In an Earthly world resembling the 1950s, a cloud of space radiation has shrouded the planet, resulting in the dead becoming zombies that desire live human flesh. A company called Zomcon ... See full summary »
Lifelong platonic friends Zack and Miri look to solve their respective cash-flow problems by making an adult film together. As the cameras roll, however, the duo begin to sense that they may have more feelings for each other than they previously thought.
A couple who is expecting their first child travel around the U.S. in order to find a perfect place to start their family. Along the way, they have misadventures and find fresh connections with an assortment of relatives and old friends who just might help them discover "home" on their own terms for the first time.
It's the summer of 1994, and the streets of New York are pulsing with hip-hop. Set against this backdrop, a lonely teenager named Luke Shapiro spends his last summer before university selling marijuana throughout New York City, trading it with his unorthodox psychotherapist for treatment, while having a crush on his stepdaughter.
In an Earthly world resembling the 1950s, a cloud of space radiation has shrouded the planet, resulting in the dead becoming zombies that desire live human flesh. A company called Zomcon has been able to control the zombie population. Zombies can be temporarily neutralized by being shot, but can only be permanently neutralized by their brain being destroyed. Their ultimate disposal is through cremation, or burial, the latter which requires decapitation with the head being buried separately from the body. Conversely, Zomcon has created the domestication collar, when activated and placed on a zombie makes the zombie controllable and thus an eternally productive creature within society. Because all dead initially become zombies, the elderly are viewed negatively and suspectly. And all people, adult or child, learn to shoot to kill to protect society. Zomcon is the go to organization for all things zombie. In the town of Willard, the Robinsons - father Bill, mother Helen, and adolescent ... Written by
The pregnancy subplot involving Carrie-Anne Moss' character Helen Robinson was only added because Moss was really pregnant during filming, and they added the pregnancy scenes to keep the continuity through the movie as she grew larger. See more »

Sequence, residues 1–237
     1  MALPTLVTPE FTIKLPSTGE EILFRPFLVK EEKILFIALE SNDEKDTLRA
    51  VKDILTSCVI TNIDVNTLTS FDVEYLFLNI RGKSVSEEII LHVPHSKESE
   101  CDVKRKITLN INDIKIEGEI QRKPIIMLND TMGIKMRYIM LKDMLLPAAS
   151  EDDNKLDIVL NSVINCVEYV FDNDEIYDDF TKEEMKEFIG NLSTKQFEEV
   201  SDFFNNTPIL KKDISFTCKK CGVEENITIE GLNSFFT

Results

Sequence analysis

In the car washing scene with Fido and Timmy, when Helen brings out the three drinks, she closes the door behind her, but the door is open in subsequent shots of the house (we can see the stairwell inside the house). See more »
[with schlocky sensationalism]
Zomcon presents A Bright New World. From the darkest depths of outer space came an evil no man could predict. A cloud of radiation engulfed our great planet. Scientists discovered that these space particles caused the reanimation of dead bodies. Zombies. Creature with but one destructive need, to devour the flesh of the living. And so we were forced to defend our homeland. The Zombie Wars. Mankind against legions of the undead.
But in our darkest hour,...
[...] See more »
Any similarity to actual persons, living, dead or undead is purely unintentional. See more »
At a risk of sounding slightly sacrilegious, on first viewing I'm kind of inclined to put this right up on a par with 'Shaun of the Dead'. Now, given I view Simon Pegg as an unquestionable comedy genius, I realise this is a rather big claim. And to what extent you agree with that last statement may be a good preliminary gauge of whether 'Fido' will appeal to you.
In a way the comedy picks up where 'Shaun' left off, except we're back in the original 1950s Living Dead-era stereotypical middle-American small town. The Zombie Wars are over and zombies themselves are becoming more well-adjusted, useful members of the community. This, so we're informed at the outset, is largely thanks to the scientific advances made by the good people at Zomcom - a nice play on romantic comedy perhaps?
The beauty of the film lies in its dead-pan depiction of a respectable neighbourhood maintaining core values while making a place for zombies and the special hazards they pose. The charm and balance with which it does this is near enough perfect. Themes you might expect from a more mainstream kitsch comedy come through - the veneer of good clean living, keeping up appearances, repressed emotion, muddled parental values, social decorum and the plight of the alienated individual.
It's a story told with happy heart and wide appeal that is brought to life vividly by the film's all-round strong cast. It's one of those works where it really shows through that everyone involved got a kick out of taking part. It's also fun imagining what Billy Connelly learning his script must have been like...
So in conclusion, it is probable you will appreciate the humour of this film unless your father tried to eat you.
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